/, vert vert the true end of knowledge; to ruin, a man's own happiness, and make him more injurious to society. Such is the knowledge of vice, the various temptations to it, and the secret ways of practising it; especially the arts of diffimulation, fraud, and dishonesty. 2. Others will be found unprofitable and useless; as those parts of knowledge, which, though they may take up much time and pains to acquire, yet answer no valuable. purpose; and serve only for amusement, and the entertainment of the imagination: For instance, an acquaintance with plays, novels, games, and modes, in which a man may be very critical and expert, an I yet not a whit the wiser or more useful man. 3. Other kinds of knowledge are good only relatively, or conditionally, and may be more useful to one than another; viz. a skill in a man's particular occupation or calling, on which his credit, livelihood, or usefulness in the world depends. And as this kind of knowledge is valuable in proportion to its end, so it ought to be cultivated with a diligence and esteem answerable to that. Lastly, Other kinds of knowledge are good absolutely and universally i viz. the knowledge of God and ourselves, ,the nature os our sinal happiness, and the way to it. This is equally necessary to all. And how thankful should we be, that we, who live under the light of the gospel, and enjoy that light in its persection and purityy have so many happy means and opportunities of attaining this most useful and necessary kind of knowledge!
A man can never understand himself then, till he makes a right estimate of his knowledge ; till he examines what kind of knowledge he values himself most upon, and most diligently cultivates; how high a value he sets upon it: what good it does him ; what effect it hath upon him ; what he is the better for it; what end it answer* now; or what is like to answer hereafter.
There is nothing in which a man's selsignorance discovers itself more, than in the esteem he hath for his understanding, or for himself on account of it. It is a trite and true observation, "That empty "thin; s make the most sound." Men of the least knowledge are most apt to make a fhow of it, and to value themselves upon '• ; which is very visible in forward consident youth, raw conceited acadamics, and those who, uneducated in youth, betake themselves in later lise to reading, without taste ot judgment, only as an accomplifhment, and to make a show of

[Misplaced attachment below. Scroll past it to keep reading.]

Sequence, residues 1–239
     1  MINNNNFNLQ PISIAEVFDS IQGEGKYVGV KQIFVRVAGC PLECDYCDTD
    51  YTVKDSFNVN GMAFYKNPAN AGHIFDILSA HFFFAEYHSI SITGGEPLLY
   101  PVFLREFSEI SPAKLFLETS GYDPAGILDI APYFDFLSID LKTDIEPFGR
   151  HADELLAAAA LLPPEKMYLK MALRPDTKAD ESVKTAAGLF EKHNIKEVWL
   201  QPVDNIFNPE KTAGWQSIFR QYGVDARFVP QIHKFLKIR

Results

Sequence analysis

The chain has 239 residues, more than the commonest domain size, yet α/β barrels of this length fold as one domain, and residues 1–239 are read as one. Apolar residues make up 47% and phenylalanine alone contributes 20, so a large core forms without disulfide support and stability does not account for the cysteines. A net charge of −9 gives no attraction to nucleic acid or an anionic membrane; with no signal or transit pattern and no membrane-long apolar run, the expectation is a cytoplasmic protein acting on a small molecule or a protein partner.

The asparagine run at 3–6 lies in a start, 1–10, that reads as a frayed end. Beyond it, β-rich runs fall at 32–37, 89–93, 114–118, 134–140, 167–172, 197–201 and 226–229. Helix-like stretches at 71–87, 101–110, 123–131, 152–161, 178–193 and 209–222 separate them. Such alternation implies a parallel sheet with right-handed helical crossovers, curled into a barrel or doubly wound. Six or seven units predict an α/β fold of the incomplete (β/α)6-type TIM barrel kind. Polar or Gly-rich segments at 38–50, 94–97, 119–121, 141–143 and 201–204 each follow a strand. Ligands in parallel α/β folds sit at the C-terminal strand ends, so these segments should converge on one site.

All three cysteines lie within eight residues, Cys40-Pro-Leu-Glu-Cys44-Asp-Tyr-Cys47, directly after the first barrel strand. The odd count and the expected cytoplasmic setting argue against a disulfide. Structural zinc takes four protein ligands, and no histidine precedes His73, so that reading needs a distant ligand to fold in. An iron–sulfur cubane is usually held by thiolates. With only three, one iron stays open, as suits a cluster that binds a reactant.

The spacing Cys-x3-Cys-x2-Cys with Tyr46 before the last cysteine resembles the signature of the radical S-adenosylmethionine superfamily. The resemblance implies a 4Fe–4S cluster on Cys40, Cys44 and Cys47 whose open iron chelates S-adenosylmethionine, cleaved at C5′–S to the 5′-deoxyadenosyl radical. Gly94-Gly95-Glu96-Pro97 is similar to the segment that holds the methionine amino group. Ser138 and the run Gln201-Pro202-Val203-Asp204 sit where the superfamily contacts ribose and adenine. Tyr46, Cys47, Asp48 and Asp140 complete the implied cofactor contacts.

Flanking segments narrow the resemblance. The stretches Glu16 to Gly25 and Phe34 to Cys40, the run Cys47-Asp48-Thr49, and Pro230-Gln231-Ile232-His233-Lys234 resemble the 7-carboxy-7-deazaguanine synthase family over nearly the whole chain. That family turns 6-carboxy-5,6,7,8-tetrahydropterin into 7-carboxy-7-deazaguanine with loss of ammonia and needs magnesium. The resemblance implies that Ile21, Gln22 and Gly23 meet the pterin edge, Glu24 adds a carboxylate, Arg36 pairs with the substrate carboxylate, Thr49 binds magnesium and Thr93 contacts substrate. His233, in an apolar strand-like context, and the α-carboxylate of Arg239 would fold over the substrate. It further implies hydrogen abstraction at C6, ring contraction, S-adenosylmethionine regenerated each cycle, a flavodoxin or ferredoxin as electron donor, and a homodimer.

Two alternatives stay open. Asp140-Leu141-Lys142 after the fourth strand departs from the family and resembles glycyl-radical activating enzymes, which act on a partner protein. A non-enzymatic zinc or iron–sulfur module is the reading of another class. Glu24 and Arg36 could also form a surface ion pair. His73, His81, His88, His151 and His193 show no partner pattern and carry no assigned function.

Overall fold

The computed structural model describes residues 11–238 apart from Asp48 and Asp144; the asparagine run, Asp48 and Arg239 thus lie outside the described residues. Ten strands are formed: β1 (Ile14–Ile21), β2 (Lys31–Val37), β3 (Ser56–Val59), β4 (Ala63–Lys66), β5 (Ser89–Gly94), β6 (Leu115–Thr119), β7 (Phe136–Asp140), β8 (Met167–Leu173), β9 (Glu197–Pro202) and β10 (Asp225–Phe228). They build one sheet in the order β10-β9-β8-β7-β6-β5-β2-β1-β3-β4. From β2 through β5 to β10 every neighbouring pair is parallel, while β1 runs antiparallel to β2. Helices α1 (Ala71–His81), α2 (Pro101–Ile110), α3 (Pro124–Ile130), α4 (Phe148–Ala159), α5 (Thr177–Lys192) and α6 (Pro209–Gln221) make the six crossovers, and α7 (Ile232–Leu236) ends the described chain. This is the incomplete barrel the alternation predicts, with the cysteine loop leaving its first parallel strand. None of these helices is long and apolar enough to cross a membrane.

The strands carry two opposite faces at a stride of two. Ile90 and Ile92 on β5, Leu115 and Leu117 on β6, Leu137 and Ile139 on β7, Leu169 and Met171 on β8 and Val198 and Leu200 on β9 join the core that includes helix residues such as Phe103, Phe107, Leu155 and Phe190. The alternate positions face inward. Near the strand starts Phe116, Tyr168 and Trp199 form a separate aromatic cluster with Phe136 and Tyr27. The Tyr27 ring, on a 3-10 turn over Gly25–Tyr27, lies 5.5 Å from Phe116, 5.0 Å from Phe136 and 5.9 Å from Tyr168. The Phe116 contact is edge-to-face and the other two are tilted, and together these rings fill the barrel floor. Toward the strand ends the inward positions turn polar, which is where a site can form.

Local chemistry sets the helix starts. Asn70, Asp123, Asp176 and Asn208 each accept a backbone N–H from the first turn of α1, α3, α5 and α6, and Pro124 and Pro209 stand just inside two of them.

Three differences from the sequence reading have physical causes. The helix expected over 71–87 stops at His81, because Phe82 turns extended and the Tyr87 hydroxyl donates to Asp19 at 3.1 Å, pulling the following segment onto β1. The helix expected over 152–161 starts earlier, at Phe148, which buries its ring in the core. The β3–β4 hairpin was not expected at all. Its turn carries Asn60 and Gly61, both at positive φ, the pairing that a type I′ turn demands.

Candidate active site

* scholarscholarfhip; who have just learning enough to spoil company, and render themselves ridiculous, but not enough to make either themselves or others at all the wiser.
But beside the forementioned kinds of knowledge, there is another which is commonly called false knowledge; which, though it often imposes upon men under the show and semblance of true knowledge, is really worse than ignorance. Some men have learned a great many things, and have taken a great deal of pains to learn them, and stand very high in their own opinio.n on account of them, which yet they must unlearn before they are truly wise. They have been at a vast' expence of time, and pains, and patience, to heap together, and to consirm themselves in a set of wrong notions, which they lay up in their minds as a fund of valuable knowledge; which, if they try by the forementioned rules, viz. "The tendency they have to make "them wiser and better, or more useful "and benesicial to others," will be found to be worth just.nothing at all,
Beware of this false knowledge; for as
there is nothing of which men are more
obstinately tenacious, so there is nothing
fhat renders them more vain or more 3
I j verse